National Navajo Code Talkers Day is observed on August 14. This holiday is a day set aside to honor the contributions of the Native American/First Nations people who contributed to the war efforts of the United States during World War II. It also recognizes how the U.S. code has evolved in relation to Native American languages and First Nations tribes members participation in U.S. military efforts in many conflicts.
It is often mistaken that Navajo Code Talkers Day refers to the Navajo tribe itself, singling out the Navajo people over the members of other tribes involved in the conflicts. However, this is not the case. The term “Navajo Code Talkers” refers not to the tribe, but to the use of the Navajo language in the U.S. military code during the war to fool the Axis powers.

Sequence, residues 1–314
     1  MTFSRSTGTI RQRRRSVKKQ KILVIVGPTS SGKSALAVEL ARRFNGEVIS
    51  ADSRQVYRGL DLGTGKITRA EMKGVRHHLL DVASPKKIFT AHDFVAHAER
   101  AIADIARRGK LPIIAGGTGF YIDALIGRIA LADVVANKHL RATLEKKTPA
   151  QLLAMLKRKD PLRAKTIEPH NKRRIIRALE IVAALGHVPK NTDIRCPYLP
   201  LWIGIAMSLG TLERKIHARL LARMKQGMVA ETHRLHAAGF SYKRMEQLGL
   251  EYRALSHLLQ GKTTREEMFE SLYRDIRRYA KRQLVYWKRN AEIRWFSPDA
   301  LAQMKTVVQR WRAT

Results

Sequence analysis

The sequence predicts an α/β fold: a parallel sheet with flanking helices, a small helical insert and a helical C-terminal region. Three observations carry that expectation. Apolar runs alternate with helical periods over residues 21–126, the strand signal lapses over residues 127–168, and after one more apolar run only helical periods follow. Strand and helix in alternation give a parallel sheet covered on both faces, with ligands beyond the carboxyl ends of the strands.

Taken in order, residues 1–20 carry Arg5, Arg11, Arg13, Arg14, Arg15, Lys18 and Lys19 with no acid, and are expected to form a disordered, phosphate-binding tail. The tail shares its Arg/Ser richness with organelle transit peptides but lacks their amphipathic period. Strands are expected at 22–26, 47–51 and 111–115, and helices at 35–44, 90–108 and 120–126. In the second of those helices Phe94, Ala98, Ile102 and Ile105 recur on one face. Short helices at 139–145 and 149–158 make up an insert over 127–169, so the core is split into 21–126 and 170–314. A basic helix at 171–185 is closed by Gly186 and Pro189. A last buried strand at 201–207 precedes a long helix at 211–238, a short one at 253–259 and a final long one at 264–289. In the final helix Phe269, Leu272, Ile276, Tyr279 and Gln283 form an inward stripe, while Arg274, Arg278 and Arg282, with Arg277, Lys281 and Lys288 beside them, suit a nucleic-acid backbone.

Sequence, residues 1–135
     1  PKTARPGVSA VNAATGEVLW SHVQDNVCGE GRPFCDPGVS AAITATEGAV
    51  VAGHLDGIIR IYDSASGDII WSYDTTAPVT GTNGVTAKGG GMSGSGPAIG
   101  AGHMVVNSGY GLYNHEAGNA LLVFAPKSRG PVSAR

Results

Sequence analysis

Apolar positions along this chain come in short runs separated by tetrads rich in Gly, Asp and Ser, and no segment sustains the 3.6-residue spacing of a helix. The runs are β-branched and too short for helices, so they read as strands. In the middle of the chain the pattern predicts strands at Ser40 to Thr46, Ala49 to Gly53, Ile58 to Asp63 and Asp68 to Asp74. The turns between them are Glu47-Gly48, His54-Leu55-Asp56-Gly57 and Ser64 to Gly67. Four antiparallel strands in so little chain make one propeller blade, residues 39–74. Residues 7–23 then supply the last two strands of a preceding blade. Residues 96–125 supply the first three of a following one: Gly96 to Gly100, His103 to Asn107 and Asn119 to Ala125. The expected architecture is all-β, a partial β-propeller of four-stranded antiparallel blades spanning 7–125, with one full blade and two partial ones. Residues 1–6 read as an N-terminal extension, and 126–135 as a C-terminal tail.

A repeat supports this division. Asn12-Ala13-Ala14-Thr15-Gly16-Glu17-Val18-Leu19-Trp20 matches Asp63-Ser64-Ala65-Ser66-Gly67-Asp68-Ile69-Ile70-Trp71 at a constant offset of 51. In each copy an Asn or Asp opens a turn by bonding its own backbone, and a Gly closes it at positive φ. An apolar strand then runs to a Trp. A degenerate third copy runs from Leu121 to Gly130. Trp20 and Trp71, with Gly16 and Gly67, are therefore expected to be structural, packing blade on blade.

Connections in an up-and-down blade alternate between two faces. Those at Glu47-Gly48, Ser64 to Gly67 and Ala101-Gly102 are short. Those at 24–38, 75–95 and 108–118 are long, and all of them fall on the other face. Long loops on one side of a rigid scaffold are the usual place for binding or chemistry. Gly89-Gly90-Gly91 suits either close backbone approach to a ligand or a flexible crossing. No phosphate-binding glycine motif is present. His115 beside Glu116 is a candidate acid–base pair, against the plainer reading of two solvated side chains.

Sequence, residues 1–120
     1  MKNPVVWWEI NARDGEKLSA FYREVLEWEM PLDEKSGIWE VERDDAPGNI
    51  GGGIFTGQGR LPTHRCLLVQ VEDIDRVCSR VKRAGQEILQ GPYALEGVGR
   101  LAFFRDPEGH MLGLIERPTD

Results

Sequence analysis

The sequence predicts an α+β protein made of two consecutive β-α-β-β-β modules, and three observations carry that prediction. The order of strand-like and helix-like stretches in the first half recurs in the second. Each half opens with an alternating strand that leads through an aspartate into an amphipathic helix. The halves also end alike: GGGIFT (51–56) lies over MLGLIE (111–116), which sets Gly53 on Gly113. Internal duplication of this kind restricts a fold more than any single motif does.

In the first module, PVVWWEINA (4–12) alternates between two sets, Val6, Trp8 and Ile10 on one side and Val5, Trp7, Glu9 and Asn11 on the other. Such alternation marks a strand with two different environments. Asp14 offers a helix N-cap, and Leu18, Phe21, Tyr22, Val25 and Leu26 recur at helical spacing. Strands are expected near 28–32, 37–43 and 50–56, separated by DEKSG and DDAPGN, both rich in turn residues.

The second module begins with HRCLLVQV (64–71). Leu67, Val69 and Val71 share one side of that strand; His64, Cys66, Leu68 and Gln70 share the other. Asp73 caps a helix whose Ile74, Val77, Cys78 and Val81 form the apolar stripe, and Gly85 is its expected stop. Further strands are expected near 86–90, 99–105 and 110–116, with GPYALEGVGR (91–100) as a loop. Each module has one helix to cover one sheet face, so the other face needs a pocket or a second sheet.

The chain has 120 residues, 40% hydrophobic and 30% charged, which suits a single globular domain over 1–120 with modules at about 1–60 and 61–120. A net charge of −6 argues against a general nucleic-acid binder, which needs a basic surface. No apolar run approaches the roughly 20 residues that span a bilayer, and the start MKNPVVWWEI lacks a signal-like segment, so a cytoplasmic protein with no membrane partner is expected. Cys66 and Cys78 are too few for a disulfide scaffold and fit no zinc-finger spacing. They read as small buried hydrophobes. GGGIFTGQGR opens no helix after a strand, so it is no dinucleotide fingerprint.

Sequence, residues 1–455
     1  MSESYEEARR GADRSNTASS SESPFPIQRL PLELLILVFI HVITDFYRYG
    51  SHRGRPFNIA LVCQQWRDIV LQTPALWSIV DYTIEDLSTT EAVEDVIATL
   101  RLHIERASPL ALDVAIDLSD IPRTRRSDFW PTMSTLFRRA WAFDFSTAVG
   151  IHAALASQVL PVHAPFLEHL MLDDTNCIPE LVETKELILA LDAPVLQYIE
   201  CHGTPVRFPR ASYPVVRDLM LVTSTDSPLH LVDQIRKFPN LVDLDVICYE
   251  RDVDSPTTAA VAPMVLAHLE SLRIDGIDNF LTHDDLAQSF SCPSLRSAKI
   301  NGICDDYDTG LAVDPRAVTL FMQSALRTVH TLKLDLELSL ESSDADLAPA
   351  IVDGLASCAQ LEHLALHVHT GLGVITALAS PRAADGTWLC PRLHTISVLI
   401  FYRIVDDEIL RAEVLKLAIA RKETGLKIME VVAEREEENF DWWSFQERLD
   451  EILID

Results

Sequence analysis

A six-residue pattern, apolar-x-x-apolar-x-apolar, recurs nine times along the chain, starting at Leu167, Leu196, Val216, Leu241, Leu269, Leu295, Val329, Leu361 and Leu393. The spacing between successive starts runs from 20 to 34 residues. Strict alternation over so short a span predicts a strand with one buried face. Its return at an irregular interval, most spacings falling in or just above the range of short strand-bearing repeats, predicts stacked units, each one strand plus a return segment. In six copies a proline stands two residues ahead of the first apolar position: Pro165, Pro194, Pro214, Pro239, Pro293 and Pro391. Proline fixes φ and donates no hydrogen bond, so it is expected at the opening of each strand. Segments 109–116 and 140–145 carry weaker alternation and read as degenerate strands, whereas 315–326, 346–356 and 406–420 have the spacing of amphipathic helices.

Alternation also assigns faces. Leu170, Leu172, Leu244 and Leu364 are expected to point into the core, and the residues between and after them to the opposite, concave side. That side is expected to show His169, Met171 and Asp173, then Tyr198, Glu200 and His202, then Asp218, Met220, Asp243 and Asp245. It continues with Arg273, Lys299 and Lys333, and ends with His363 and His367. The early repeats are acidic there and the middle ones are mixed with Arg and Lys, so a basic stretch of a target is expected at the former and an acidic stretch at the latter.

The Navajo code was fully dependent upon the complexity of the Navajo language, as well as further encryption of the code depending on where it was being sent. The combination of these factors made the Navajo code impossible to break. It has been said that this code is the only one used by the U.S. military that was never broken during the conflicts it was used in.
The first Navajo Code Talkers Day was established by President Ronald Reagan in 1982. It was set up to honor all the tribes associated with the war effort including, but not limited to: Cherokee, Choctaw, Comanche, Hopi, and Navajo.